T’way Air said last month that it hopes to operate 30 planes by 2020 and 50 by 2025. At least a fifth of the fleet will be larger-body models capable of flying long-haul flights to the Americas and Europe, as companies find the domestic market has less room to grow.
The smallest and newest LCC, Air Seoul, laid out goals last month to add two planes to its fleet every year for at least five years until it has 15 in service. The LCC, a subsidiary of Asiana Airlines, also said it would add four new routes to Osaka and Narita in Japan, Guam and Hong Kong this year on top of its existing 11 international routes.
While existing carriers are busy expanding, new entrants are boldly pushing into the crowded market with their own plans. Gangwon-based Fly Yangyang and North Chungcheong-based Aero-K have started the process of obtaining a license from the government, and if all goes well, “they may earn the rights to enter the LCC market as early as the end of August,” said Oh Young-seok, an assistant director at the Ministry of Land, Infrastructure and Transport.
While basic requirements for the license include securing more than 15 billion won in capital and three or more planes with 51 or more seats, the ministry also considers whether a carrier can sustain its business for two years after obtaining the license and whether the new companies add too much competition to the market.
Aero-K announced last month that it had secured capital of 45 billion won, three times more than required by the ministry, and ordered eight A320 planes. It also said it had financial backing from Hanwha Group and other investors.
The ministry is currently collecting opinions from related interest groups including existing carriers, local governments and other organizations on whether the two companies’ businesses will contribute to the wellbeing of the current LCC market and customers.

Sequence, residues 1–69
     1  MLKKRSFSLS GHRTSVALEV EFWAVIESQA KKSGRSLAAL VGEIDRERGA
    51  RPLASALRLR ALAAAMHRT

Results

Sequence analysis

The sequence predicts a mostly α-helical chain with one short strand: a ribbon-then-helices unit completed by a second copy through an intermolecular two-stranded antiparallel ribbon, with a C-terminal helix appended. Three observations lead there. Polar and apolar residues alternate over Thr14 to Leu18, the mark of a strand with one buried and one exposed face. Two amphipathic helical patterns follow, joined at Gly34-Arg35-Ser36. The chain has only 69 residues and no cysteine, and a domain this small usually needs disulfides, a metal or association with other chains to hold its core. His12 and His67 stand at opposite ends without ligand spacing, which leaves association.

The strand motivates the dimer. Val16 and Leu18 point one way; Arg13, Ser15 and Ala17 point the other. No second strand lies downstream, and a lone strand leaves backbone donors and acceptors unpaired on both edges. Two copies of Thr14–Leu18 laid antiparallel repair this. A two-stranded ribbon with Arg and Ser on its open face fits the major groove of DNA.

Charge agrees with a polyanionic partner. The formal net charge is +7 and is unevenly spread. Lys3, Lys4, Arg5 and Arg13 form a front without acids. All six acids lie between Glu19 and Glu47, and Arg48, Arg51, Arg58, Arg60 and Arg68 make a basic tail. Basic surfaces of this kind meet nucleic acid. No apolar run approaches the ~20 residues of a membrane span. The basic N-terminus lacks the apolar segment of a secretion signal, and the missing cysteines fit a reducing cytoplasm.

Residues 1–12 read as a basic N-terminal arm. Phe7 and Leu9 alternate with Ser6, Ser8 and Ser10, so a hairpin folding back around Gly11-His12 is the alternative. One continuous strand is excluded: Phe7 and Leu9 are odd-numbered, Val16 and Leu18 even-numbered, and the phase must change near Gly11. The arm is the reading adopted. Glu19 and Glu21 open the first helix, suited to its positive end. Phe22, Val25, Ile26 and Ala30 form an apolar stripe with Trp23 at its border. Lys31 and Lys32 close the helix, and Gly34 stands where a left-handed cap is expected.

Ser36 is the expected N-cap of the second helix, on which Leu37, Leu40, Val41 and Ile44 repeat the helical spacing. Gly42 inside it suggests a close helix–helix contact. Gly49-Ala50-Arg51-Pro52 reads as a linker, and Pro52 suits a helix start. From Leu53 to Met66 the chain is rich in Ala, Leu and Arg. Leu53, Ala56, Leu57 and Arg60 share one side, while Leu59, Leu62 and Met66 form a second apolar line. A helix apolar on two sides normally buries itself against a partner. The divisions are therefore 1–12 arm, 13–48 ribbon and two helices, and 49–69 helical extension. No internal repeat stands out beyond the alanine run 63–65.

The breaking point
While the low-cost carriers are expanding, industry experts are doubtful about whether the market has any more room to grow.
“We can’t deny the local LCC market is already a red ocean,” said Park Sung-sik, an associate professor in the department of flight operation at Korea National University of Transportation. “New entrants must be able to prove their financial feasibility to sustain business in the longer term.”
According to Park even existing carriers like Eastar Jet and T’way Air are operating with impaired capital due to massive investment incurred in the aviation business. The CEOs of major LCCs fear there is not enough space at airports and pilots for all the competitors to keep expanding their size and for new companies to enter.
“A bigger issue to consider than concerns about heated competition is the lack of professional workforce like pilots in the aviation industry,” said Ryu Kwang-hee, CEO of Air Seoul. “It will also be hard for new entrants to find service slots at major airports as existing players already have difficulty securing new service infrastructure.”
“It is time to ask how LCCs can maintain growth and survive in five years and 10 years’ time,” T’way CEO Chung Hong-keun said at a press briefing last month.
Park suggested that existing LCCs find ways to secure cheaper labor from abroad to effectively set up a low-cost business structure and start marketing LCCs’ different levels of service instead of just low prices.
BY KIM JEE-HEE [firstname.lastname@example.org]